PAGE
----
In a series of blogs about the process of getting a financial remedy through the courts in the context of divorce or dissolution, we take a look at each stage in turn.
The FDR is more like a “meeting” than a “court hearing” and both parties are obliged to at least try to reach agreement. Parties will therefore be expected to come to court ready and prepared to negotiate and will do so in front of a judge in court, and outside of court between themselves (or through their solicitor or barrister). FDRs are often effective at reducing cost, stress and delay by at the very least encouraging parties to narrow the issues in dispute ahead of the Final Hearing.
One way that the FDR encourages parties to discuss settlement options is to classify all discussions at the FDR as “without prejudice” which means that they cannot be referred to if the matter proceeds to the Final Hearing. This means parties do not have to worry that if they make a big move from an earlier position that this will be held against them, thus encouraging movement from entrenched positions that have stalled negotiations previously. Because of this, the judge who deals with the FDR cannot then deal with the Final Hearing.
FDR hearings can be quite long days so that they can be as constructive as possible. We would advise clients to ensure that they have planned to be at court the whole day, for instance by making arrangements for children to be picked up from school, rescheduling any other appointments they may have had in their diary, and ensuring that they have paid for adequate parking if applicable.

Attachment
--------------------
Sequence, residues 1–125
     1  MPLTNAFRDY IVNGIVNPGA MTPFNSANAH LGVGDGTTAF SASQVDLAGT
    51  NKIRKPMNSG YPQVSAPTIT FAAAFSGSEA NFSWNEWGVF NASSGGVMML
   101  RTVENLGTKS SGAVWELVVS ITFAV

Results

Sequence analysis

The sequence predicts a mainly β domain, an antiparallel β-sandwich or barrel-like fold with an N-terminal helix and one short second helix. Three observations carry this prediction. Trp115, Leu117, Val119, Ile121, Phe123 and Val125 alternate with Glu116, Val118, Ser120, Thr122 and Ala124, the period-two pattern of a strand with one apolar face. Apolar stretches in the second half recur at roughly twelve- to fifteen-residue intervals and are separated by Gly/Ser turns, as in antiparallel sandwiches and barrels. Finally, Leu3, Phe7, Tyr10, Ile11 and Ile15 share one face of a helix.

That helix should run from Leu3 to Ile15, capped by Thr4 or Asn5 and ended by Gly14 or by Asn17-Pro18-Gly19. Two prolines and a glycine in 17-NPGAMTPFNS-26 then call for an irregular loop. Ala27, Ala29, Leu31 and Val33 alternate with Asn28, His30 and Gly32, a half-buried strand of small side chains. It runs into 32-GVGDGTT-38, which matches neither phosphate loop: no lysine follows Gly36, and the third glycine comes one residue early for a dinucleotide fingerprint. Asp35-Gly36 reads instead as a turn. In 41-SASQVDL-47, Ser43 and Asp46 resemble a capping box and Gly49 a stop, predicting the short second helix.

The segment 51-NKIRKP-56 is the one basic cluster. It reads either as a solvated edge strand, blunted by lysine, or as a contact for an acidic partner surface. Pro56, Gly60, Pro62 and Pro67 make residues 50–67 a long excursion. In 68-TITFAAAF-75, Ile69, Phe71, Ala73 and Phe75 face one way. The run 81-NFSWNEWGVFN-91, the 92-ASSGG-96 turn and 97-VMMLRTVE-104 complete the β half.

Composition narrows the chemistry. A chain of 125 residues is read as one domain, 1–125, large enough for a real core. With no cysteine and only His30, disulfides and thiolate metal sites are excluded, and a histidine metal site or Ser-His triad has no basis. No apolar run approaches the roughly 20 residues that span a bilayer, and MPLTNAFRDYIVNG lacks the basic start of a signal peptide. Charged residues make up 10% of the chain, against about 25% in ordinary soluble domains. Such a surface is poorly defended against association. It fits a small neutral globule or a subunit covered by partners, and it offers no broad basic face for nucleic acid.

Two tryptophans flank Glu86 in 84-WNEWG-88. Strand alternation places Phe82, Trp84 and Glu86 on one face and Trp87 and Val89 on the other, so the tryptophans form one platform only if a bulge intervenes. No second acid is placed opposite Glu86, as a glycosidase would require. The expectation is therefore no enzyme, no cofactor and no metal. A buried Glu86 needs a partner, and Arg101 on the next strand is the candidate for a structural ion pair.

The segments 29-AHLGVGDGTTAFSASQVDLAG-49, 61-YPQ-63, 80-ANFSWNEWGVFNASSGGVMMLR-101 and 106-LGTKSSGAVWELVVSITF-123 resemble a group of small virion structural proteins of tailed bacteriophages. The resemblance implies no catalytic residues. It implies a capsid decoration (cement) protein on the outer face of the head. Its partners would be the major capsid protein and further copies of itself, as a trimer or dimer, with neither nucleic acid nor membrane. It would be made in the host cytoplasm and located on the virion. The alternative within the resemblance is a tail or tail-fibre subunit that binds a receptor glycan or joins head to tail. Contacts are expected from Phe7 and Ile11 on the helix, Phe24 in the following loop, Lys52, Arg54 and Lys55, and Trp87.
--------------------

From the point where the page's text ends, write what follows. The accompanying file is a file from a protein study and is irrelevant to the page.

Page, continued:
Parties should arrive at the court at least an hour before their scheduled hearing time. Negotiations will start, and at the time of the hearing, the parties will be called in before the judge to set out their position and update the judge as to progress. If parties are represented by a solicitor or barrister, they will usually not have to speak in court. The judge can offer an “indication”, which is what they would order if they were being asked to decide the case at that point. This indication is not binding, and it does not necessarily mean this is what a different judge would order at the Final Hearing, but it does help concentrate the parties’ minds. Parties usually try to continue negotiations outside of the court room after the judge has given their indication and the judge may call the parties back into court to give progress updates.
If settlement can be reached, the parties’ representatives can draw up the agreement in the hope that it will be approved by the judge on the same day. This will turn it into a “court order” which will be binding on the parties.
If agreement is not reached at the FDR, the judge will make directions for preparation for the Final Hearing (which is usually at least three months’ after the FDR). Negotiations can be continued right up until and at the Final Hearing to see if a settlement can be agreed without it having to be imposed on the parties by the court.